HIGH-PERFORMANCE LOW-POWER CARBON NANOTUBE FET SRAM WITH TOLERANCE TO METALLIC CNTS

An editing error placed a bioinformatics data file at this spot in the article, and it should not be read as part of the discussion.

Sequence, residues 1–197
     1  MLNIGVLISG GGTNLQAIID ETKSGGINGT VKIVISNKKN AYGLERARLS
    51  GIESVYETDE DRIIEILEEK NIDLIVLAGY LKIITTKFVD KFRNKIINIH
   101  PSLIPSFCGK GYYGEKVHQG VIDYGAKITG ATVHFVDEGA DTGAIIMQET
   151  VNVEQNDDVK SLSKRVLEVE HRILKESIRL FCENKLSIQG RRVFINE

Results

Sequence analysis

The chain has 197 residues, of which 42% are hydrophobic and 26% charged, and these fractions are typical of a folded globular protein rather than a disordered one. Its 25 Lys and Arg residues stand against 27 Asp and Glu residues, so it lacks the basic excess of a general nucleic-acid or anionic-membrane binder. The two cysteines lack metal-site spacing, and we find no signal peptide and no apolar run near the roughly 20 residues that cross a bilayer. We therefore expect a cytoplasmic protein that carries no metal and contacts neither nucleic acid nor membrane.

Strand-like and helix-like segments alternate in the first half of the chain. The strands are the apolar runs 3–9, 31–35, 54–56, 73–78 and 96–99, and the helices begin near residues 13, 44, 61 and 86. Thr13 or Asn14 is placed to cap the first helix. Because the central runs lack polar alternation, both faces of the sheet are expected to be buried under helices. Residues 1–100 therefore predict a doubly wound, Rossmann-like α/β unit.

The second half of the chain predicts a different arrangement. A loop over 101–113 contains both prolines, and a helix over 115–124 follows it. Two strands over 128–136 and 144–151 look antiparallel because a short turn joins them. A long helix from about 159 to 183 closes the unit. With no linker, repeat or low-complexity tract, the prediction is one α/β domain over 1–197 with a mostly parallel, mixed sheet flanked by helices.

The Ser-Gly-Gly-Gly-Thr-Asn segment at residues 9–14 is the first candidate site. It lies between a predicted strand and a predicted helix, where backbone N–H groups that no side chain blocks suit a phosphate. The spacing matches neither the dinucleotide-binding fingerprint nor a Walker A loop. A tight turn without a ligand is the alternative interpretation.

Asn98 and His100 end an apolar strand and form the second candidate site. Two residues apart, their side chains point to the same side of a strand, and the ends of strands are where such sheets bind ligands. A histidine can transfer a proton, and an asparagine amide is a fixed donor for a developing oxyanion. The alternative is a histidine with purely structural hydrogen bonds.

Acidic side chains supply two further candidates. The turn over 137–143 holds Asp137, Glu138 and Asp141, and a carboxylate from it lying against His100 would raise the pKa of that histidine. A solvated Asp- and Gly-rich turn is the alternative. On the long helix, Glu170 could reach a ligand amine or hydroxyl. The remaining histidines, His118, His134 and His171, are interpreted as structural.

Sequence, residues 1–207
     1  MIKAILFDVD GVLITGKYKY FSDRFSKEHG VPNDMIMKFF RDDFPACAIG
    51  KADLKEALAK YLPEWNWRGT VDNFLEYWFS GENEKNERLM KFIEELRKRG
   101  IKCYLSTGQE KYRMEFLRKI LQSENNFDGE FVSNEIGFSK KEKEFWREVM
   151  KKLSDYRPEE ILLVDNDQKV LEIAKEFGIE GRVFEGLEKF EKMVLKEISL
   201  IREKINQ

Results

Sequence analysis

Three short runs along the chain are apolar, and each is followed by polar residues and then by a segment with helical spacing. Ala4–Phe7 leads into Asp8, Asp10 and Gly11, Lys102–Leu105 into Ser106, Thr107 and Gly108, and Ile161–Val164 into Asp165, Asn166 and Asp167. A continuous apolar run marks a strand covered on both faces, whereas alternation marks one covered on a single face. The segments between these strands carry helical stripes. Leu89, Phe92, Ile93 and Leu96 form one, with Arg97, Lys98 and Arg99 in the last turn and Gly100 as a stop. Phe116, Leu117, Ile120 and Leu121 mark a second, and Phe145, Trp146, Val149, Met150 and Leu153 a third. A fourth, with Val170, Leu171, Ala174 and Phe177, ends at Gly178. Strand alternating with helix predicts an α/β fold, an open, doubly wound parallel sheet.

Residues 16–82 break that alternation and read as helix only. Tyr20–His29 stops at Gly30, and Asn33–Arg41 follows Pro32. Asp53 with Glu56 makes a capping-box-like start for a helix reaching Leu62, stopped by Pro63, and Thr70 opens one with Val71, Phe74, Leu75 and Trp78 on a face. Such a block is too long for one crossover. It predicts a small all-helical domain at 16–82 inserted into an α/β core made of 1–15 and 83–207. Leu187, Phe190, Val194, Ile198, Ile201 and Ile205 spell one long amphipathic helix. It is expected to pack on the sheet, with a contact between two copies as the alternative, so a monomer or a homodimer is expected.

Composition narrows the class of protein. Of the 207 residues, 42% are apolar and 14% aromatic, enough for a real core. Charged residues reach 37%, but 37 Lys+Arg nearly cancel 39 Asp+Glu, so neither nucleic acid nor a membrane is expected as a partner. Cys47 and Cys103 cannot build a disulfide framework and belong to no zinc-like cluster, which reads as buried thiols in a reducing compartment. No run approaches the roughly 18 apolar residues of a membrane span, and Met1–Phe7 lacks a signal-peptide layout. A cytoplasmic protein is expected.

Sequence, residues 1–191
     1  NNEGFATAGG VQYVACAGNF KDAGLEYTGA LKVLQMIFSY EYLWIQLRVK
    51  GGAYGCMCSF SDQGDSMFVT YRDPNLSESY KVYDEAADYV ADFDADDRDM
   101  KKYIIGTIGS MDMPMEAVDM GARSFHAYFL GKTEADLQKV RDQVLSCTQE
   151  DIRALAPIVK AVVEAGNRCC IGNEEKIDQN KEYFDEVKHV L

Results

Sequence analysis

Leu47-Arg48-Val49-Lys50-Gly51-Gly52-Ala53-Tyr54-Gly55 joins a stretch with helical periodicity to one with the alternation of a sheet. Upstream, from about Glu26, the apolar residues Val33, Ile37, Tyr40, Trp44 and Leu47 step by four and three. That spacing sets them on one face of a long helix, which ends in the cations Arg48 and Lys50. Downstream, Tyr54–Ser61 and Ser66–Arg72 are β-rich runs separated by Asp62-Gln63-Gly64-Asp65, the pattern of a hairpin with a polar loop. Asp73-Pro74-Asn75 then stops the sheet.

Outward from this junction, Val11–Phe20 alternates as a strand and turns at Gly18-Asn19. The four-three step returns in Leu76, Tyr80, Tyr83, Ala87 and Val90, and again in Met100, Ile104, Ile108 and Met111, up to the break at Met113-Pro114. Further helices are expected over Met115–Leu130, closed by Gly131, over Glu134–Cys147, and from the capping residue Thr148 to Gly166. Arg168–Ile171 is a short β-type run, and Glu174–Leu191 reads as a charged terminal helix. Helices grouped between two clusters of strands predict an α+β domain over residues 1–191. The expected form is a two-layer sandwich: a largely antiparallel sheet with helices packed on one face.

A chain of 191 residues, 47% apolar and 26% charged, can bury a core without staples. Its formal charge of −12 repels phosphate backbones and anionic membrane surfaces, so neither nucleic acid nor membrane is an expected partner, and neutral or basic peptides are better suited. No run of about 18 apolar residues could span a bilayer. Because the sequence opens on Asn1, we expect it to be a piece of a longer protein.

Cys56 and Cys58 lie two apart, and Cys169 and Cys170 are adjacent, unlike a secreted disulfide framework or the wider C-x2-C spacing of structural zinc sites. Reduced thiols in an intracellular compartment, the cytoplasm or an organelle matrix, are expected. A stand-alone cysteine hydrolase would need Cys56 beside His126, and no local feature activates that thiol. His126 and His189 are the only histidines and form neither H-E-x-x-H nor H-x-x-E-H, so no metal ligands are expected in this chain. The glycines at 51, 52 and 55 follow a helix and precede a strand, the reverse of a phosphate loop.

In this dissertation, an in-depth study of the design of Static Random Access Memory (SRAM) cell using Carbon Nanotube (CNT) technology is presented. Due to their superior transport properties, low voltage bias and improved current density, Carbon Nanotubes have great potential to replace the conventional silicon MOSFET technology. In this study, an 8-transistor CNTFET SRAM cell shows a 3.2X speed-up, 2.9X savings in dynamic energy, and 61X leakage power reduction as compared to a MOSFET SRAM cell of similar size.Today's CNT technology has fabrication challenges which prevent its wide use in the implementation of systems. One of these challenges is the undesirable growth of metallic CNTs with semiconducting CNTs. In this study, we present two approaches to overcome the metallic CNT challenge to achieve desirable yield for CNT transistors and SRAM cells. The first approach utilizes serially uncorrelated CNTFET to reduce the probability of non-functional transistors. The second approach requires metallic CNT removal processes and form working transistors by having parallel CNTFET array. Among the process variations diameter/chirality greatly impacts SRAM performance, energy efficiency, noise margin and yield. Novel optimization schemes for CNTFET SRAM cell design are proposed and evaluated. Simulations show that these optimizations can effectively eliminate all cell write failures and improve the overall performance.In addition, the SRAM cell design is examined at the near-threshold power supply region to greatly reduce energy consumption. On the other hand, Vdd reduction not only exacerbates write and read delays but also leads to more cell failure because of weakened driving capability. Gated power supply and word-line boosting techniques are investigated to overcome cell write failures in CNTFET SRAM cells. Simulation results show that with careful design methodology, the CNTFET SRAM cells are able to be operated at as low as 0.4V with 3.7X performance improvement using gated power supply and word-line boosting techniques with negligible size penalties.